Still a top bloke but all heros have flaws.
  11. SDSMax

    SDSMax New Member

    The bottom line is that Nelson was doing his job but unfortunately was killed in the process and as for him wearing a conspicuous uniform full of medals you have to take into account the accepted procedure for the time. The British soldiers that fought at Rorkes Drift and Isandlwana in 1879 were wearing bright red tunics with white helmets and the Zulus found them easy targets but that uniform was standard army issue at the time, obviously lessons were learned and that would never happen now. What ifit says about Monty is correct, I think there are heros and then there's blokes like Bomber Harris that have to get the dirty work done.
  12. PowerTool

    PowerTool New Member

    The British soldiers that fought at Rorkes
    Drift and Isandlwana in 1879 were wearing bright red
    tunics with white helmets and the Zulus found them
    easy targets but that uniform was standard army issue
    at the time

    Red was chosen as it did not show blood stains,so the enemy could never tell if they had hurt you or not.
  13. SDSMax

    SDSMax New Member

    Yes I'm sure you're correct PowerTool but it still made them stand out like a sore thumb, now in all modern armies camouflage is the name of the game.
  14. ukwoody

    ukwoody New Member

    Sorry to be contentious, but to me the real hero, is the local kid recovering from cancer who walks for miles to raise a few hundred pounds to help the research...
    Or the disabled people who take part in the Para Olympics or the disabled London Marathon.

    I know its a tad twee, but to me THEY are the only real heros...
  15. PowerTool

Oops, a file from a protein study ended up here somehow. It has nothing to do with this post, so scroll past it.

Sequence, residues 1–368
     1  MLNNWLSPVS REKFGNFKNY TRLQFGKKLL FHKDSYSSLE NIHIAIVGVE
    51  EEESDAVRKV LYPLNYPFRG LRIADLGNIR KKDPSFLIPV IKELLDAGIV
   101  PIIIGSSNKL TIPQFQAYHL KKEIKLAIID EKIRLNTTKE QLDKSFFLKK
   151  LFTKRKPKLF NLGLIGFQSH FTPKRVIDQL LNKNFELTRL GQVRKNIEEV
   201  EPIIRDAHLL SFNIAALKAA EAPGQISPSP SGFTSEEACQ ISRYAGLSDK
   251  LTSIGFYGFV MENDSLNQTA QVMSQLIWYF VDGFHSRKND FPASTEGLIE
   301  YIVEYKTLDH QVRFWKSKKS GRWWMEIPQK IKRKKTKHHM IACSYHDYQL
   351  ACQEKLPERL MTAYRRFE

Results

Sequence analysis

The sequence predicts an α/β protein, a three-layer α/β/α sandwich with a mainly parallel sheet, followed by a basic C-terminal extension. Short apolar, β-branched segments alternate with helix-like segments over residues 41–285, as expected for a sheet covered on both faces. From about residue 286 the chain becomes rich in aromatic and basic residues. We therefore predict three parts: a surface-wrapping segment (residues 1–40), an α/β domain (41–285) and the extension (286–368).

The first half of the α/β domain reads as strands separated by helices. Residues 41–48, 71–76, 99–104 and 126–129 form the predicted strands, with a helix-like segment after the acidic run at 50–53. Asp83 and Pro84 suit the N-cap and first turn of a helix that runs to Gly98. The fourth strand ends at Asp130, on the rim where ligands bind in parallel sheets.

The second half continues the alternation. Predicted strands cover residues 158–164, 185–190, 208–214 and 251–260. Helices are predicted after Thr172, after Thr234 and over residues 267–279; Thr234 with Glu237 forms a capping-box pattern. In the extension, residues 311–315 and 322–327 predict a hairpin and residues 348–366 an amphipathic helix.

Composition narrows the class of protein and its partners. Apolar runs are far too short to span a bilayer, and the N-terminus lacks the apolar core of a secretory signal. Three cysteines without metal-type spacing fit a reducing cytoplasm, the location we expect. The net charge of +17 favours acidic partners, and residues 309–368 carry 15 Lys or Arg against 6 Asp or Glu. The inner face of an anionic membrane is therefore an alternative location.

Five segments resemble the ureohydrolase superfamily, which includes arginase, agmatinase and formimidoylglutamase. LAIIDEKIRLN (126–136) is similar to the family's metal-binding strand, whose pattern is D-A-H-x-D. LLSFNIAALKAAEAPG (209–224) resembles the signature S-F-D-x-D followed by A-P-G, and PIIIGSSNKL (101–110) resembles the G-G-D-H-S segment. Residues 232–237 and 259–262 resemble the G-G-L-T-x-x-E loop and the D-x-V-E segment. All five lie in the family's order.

PowerTool New Member

    Don't think it's contentious at all - I certainly won't disagree with you.
    Never agreed with professional sportsmen getting OBE's (but don't object to amateur sportsmen getting them)

    The unsung heroes are the real ones.
  16. Hoskie

    Hoskie New Member

    Andy Mcnab for me.
  17. Dewy

    Dewy New Member

    Red was chosen as it did not show blood stains,so the
    enemy could never tell if they had hurt you or not.

    The redcoats started with Cromwells Model Army the roundheads.
    2,500 years ago the Spartans wore blood red cloaks to hide any wounds.
    300 at Thermopelae with their king Leonidas held off the might of the Persian empire until a Greek traitor showed the enemy a pass through the mountains so they trapped the 300 between the mountains, sea and Persions in front and behind.
    Nelson was the greatest hero this country has ever had and was mobbed wherever he went for years before Trafalgar.
    The French and Spanish fleet knew the tactics Nelson was likely to use because he had beaten the French at the Nile using the same method.
    They had no defence against him and expected to lose before the battle began.
    For over 100 years after Trafalgar no fleet in the world would take on the Royal Navy because of Nelsons legacy.
  18. ukwoody

    ukwoody New Member

    Trust Dewy to know his facts ;)
  19. SDSMax

    SDSMax New Member

    If you look into the history of the 300 Spartans you soon realise they were EXTREMELY brave men, one of them commented to his Commander that the Persians have so many archers that their arrows will blot out the sun, the Commanders response was "then we fight in the shade!" they also fought with the Greek letter Lambda on their shields which apparently represented their homeland.
  20. dirtydeeds

    dirtydeeds New Member

    back to red to hide blood on british troops, nelsons gun decks were painted red to hide the blood of the gunners, gunners mates and the powder monkeys when they were wounded or killed

Share This Page

  1. This site uses cookies to help personalise content, tailor your experience and to keep you logged in if you register.
    By continuing to use this site, you are consenting to our use of cookies.
    Dismiss Notice